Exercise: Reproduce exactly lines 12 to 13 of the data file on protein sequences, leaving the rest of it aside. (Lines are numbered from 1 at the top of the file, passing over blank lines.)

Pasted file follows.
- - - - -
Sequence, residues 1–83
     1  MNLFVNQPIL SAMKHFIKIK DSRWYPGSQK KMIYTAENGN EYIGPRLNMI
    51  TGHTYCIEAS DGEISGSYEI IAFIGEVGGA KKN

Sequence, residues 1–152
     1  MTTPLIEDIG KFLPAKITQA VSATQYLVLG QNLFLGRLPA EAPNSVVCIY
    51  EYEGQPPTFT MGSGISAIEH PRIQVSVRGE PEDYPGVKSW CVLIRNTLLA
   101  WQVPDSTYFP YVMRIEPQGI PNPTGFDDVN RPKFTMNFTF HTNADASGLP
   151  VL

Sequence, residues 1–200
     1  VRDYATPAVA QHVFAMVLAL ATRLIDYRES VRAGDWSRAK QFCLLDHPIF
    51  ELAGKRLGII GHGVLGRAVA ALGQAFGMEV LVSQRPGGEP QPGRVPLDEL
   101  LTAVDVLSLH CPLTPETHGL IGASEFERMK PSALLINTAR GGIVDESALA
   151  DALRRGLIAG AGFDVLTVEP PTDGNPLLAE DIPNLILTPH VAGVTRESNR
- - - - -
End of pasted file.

   101  LTAVDVLSLH CPLTPETHGL IGASEFERMK PSALLINTAR GGIVDESALA
   151  DALRRGLIAG AGFDVLTVEP PTDGNPLLAE DIPNLILTPH VAGVTRESNR